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Vodafone chief tells mobile users he knows where they live

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CTIA Wireless Vodafone CEO Arun Sarin believes that wireless users will happily opt-in to mobile advertising. And he plans to reward them by reducing their monthly bill.

Either that or he's found a diplomatic way of saying that users won't opt-in unless they get their money up front. We can't quite tell.

"In a few years, mobile advertising will account for a substantial portion of the revenues of our business, and we as operators have to be prepared to share some of the advertising revenues, who will by-in-large want to opt-in to these offerings," he told mobile industry insiders during his morning keynote at he annual CTIA wireless trade show in Las Vegas.

Echoing a keynote he made earlier this year at the Mobile World Congress in Barcelona, Sarin also told the mobile industry it needs to simplify itself, calling for fewer mobile operating systems and consolidated high-speed network standards.

The Vodafone boss began his speech by informing show attendees that Richard Branson was lying to them when he said that Google and Virgin were sending them to Mars in a solar-powered Noah's Ark. "I understand that, yesterday, Richard Branson regaled you with ideas about Mars and travels to far-off places," he said. "I would remind you that today is April 2nd."

Then he said that this mobile internet thing could be big. "In the last twelve months, there has been something quite different and not the norm - a change that I believe will shape the future development of the [wireless] industry. It will change who the successful companies are going to be. And it will determine success versus failure for the whole industry. And that development is the mobile internet. Internet on the mobile phone is the New Thing."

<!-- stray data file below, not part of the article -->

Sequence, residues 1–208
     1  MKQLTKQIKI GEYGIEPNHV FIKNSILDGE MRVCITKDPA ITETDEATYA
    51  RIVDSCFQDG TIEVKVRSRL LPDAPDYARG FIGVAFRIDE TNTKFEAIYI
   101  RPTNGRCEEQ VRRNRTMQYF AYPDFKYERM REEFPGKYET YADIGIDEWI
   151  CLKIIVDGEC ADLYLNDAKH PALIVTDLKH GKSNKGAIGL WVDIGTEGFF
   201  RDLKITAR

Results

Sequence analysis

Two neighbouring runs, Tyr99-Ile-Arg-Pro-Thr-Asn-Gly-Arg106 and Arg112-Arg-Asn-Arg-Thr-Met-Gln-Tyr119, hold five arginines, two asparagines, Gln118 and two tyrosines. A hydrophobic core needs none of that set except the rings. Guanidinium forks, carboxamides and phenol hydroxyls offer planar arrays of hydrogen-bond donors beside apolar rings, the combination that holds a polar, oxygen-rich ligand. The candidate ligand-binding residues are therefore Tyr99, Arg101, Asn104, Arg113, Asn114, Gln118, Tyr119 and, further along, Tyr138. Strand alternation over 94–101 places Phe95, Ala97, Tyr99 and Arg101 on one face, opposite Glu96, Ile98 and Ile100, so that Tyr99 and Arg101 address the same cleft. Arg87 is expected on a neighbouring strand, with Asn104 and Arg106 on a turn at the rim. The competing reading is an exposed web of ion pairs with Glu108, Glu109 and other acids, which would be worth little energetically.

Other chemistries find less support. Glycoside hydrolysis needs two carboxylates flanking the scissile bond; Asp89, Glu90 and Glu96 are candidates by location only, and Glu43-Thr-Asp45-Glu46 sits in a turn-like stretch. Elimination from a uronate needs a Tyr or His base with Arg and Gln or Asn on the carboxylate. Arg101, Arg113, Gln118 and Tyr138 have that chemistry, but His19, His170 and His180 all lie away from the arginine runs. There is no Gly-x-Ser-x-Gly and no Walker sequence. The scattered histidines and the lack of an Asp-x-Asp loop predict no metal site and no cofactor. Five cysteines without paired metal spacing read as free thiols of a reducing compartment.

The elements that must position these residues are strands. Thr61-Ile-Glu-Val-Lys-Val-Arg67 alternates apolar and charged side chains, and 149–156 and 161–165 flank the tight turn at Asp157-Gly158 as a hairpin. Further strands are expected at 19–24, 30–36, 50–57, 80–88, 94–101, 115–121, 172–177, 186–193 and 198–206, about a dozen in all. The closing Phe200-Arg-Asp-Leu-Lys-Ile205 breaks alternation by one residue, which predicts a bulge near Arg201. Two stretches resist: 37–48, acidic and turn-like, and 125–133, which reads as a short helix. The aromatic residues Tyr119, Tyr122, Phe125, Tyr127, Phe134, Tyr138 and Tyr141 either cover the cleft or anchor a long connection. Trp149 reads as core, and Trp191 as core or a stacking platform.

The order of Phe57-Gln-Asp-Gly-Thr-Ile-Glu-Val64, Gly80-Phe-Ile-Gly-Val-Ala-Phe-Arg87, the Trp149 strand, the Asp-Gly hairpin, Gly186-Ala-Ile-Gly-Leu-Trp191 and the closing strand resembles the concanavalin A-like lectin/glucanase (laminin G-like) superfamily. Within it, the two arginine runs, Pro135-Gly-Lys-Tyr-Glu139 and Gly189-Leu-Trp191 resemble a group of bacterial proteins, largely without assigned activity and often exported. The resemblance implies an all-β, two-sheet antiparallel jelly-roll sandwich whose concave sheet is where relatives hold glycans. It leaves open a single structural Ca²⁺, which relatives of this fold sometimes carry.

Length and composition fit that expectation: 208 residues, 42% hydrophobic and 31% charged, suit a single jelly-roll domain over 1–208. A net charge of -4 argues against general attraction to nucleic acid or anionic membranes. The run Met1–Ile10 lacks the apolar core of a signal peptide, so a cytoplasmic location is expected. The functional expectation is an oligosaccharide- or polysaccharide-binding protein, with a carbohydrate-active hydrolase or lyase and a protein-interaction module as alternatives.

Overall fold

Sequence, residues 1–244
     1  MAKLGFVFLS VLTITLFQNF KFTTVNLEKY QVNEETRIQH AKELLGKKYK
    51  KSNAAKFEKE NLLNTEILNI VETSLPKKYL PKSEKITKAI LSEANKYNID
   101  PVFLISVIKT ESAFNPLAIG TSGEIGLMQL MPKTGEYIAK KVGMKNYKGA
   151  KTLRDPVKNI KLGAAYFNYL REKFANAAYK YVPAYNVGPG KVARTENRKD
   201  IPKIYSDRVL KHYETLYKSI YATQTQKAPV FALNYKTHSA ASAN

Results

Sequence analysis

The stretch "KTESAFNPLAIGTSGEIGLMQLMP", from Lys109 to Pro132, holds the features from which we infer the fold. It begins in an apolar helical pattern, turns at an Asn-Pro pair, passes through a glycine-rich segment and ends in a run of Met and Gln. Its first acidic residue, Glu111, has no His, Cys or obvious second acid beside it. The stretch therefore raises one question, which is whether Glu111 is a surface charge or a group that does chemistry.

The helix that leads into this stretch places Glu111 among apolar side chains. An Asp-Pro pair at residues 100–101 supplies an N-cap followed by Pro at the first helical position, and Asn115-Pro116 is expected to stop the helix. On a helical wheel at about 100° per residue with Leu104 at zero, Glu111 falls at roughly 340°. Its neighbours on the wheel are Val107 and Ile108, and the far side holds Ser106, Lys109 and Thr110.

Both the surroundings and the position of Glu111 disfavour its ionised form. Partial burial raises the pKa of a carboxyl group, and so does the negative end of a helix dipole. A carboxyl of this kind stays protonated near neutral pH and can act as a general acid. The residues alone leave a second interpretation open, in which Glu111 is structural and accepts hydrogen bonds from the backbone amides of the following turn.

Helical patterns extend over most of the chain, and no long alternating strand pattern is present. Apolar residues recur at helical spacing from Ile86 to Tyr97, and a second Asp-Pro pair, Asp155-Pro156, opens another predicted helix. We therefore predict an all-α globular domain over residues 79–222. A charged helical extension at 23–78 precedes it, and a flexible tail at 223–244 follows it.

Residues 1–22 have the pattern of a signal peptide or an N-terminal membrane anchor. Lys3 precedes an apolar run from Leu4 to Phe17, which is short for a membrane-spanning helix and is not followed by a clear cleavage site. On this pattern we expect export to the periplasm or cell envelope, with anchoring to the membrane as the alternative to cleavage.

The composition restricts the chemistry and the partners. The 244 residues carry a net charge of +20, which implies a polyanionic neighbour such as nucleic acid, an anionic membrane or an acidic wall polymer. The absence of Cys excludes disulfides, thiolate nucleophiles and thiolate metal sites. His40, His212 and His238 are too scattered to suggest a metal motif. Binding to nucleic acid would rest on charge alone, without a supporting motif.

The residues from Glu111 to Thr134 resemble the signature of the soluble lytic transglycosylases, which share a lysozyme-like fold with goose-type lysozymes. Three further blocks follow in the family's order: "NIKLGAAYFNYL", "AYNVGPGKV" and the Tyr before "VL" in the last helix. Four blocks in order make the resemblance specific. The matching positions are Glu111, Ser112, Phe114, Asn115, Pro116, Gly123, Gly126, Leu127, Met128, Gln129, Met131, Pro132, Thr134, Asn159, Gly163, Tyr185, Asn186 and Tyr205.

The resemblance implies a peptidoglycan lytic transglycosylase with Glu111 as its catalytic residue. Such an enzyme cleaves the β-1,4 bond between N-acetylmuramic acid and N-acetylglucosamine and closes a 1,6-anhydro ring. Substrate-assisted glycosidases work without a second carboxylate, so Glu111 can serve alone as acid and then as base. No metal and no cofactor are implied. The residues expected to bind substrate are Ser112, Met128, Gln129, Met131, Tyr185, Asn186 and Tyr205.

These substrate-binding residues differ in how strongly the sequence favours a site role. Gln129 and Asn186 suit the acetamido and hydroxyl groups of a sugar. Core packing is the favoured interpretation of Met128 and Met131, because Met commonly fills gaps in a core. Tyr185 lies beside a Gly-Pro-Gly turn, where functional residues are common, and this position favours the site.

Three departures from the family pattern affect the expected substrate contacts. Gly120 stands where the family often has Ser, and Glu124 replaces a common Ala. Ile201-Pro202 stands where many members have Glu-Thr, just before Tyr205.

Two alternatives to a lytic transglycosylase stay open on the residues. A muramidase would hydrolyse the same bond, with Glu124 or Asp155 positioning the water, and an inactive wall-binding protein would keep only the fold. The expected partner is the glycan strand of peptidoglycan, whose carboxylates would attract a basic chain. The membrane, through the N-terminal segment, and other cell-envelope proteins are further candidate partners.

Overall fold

That may seem obvious. But remember: Sarin was speaking to an American industry that spent years doing their best to fend-off the openness of the internet. They also believed that Google was going to Mars by 2016.

Sarin even went so far as to say that the mobile internet could eclipse the stationary internet. This will happen, he explained, because the mobile internet is mobile. "Mobility is our key differentiator," he told the mobile industry. "If we can deliver an excellent mobile internet experience, mobile can become the main method of accessing the internet in society over a period of time."

According to Sarin, an excellent mobile experience requires three things: fewer mobile OSes, fewer 4G standards, and more advertisements.

The mobile internet won't reach its potential, he said, unless phones deliver "world-class user experience." And this won't happen with "dozens" of mobile operating systems competing for phones.

"We have to find, as an industry, a way of bringing the number of mobile operating systems down from the dozens to maybe three, four, five. I didn't say one. Because we've seen that movie before. But three, four, five, so we can actually achieve economies of scale when developing applications. Whether it's [Google] Android or Microsoft [Windows Mobile] or Symbian or Linux or others."

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